Australia on Tuesday said its navy ships have been given clearance to resume visits to the Solomon Islands, which had last week announced a temporary block on all military vessels during a review of its approval processes.
Australian Minister for Foreign Affairs Penny Wong (黃英賢) confirmed to reporters that military ships from New Zealand and Fiji would also be allowed to visit the South Pacific nation.
Military ships from the UK, the US and other countries still would not be able to dock, with Pacific nations alarmed about the Solomon Islands increasing security ties to China.
“Of course, we welcome the continued access of a member of the Pacific family — in this case, Australia — to Solomon Islands waters,” Wong told the Australian Broadcasting Corp. “We are regular visitors.”
Asked if she was disappointed the US was not also given an exemption, Wong said the Solomon Islands had indicated it was making its decisions on a case-by-case basis.
“They are a sovereign nation and that’s a matter for them,” Wong told the broadcaster. “What I would say is that the US has a long history of presence in the Pacific, going back to World War II.”
The move came ahead of a visit to Australia by Solomon Islands Prime Minister Manasseh Sogavare.
“We welcome the prime minister’s visit,” Wong told reporters, adding that she also welcomed his assurance “that Australia remains the security partner of choice.”
The Solomon Islands put the temporary block in place after the US Coast Guard cutter Oliver Henry and the British navy patrol boat HMS Spey recently canceled planned port calls due to bureaucratic delays. Both ships were part of an international effort to prevent illegal fishing.
Sogavare said the Oliver Henry crew had failed to provide required information in time for his office to approve the visit. The ship instead refueled in Papua New Guinea.
The HMS Spey withdrew its application to visit, Sogavare said.
“The delay in these approvals demonstrate the need for the government to review and refine its approval requirements and procedures for visiting military vessels to Solomon Islands,” Sogavare said in a statement.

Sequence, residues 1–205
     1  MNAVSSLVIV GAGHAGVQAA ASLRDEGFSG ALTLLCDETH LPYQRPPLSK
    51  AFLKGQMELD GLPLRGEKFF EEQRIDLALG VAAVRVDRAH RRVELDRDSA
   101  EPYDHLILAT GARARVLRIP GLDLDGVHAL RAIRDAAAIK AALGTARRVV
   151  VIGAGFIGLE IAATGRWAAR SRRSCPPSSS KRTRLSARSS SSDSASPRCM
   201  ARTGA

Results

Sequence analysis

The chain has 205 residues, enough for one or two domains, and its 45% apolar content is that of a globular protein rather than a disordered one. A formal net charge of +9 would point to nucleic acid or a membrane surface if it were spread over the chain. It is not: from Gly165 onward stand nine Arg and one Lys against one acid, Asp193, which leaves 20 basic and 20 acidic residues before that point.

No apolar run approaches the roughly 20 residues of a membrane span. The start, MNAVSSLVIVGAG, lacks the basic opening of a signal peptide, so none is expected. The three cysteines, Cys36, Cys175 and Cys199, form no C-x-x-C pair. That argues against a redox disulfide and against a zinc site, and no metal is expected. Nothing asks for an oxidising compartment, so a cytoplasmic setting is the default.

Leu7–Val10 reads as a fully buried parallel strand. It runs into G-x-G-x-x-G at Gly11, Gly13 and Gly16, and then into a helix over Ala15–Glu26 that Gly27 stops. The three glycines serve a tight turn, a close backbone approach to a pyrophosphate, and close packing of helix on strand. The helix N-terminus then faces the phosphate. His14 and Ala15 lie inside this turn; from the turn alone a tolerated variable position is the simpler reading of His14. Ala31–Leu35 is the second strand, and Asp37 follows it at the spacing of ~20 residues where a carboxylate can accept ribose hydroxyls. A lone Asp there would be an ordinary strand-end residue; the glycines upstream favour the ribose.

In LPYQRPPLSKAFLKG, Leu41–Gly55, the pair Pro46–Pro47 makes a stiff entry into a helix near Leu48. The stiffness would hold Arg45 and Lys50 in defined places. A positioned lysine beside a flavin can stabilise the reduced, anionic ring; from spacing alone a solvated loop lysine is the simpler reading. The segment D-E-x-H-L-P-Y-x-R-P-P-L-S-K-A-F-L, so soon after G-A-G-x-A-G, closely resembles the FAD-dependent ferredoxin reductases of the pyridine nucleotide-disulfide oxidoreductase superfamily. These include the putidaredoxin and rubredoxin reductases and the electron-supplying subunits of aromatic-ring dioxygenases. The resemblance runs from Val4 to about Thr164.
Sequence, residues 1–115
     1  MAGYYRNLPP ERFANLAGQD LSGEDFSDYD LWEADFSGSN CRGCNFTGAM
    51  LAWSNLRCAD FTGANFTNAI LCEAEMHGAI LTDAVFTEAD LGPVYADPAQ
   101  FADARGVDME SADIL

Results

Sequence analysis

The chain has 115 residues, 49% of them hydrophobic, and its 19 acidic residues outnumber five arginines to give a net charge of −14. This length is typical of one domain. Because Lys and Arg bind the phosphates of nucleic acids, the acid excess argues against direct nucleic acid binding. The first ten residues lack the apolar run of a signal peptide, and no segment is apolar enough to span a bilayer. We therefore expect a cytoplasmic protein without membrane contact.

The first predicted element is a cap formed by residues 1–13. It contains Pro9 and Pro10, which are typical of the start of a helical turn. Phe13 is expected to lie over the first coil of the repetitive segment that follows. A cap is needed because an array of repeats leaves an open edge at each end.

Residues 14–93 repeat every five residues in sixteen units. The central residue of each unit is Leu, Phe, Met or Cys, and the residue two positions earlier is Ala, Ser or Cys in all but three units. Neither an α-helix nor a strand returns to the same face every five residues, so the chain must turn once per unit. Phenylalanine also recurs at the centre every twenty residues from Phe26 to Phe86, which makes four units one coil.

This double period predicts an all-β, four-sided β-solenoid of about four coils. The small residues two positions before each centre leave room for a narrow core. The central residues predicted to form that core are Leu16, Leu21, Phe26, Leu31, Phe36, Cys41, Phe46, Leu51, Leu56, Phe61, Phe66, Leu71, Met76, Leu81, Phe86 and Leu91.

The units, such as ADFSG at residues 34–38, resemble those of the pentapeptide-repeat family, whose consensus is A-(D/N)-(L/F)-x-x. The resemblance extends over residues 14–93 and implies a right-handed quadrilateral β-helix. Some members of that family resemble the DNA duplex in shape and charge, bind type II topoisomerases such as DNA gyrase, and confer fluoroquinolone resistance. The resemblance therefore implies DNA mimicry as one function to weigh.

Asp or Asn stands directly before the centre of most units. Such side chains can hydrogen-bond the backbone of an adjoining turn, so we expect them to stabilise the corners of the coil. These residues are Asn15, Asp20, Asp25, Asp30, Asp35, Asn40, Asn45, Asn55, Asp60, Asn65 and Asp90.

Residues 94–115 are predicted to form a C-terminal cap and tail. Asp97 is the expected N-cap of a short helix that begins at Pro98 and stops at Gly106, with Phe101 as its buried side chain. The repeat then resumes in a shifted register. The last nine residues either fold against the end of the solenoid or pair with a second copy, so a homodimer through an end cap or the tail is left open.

The Solomon Islands did allow a visit last week by the US hospital ship USNS Mercy to go ahead.
Elsewhere in the region, the Pacific island nation of Kiribati is moving toward authoritarianism, its former president said in an interview yesterday, after the government suspended all judges from its appeal and high courts.
Kiribati withdrew from the regional bloc, the Pacific Island Forum, in July, with China denying it had influenced the decision by the tiny atoll nation amid tensions between Beijing and Washington over the Pacific region.
Kiribati switched diplomatic recognition from Taiwan to Beijing in 2019, and struck economic and infrastructure deals when China’s foreign minister visited in May.
The Kiribati government suspended three judges sitting on its court of appeal this week, after they ruled against the government’s attempt to deport an Australia-born high court judge who is married to the leader of the opposition party.
Former Kiribati president Anote Tong said the situation was “unprecedented” for the country, which he said had been one of the most stable governments in the region.
“Kiribati is going through quite a serious constitutional crisis. Not to accept the decision of the court would suggest that we may be moving towards a certain state of authoritarianism,” Tong said in an interview in Sydney.
Additional reporting by Reuters
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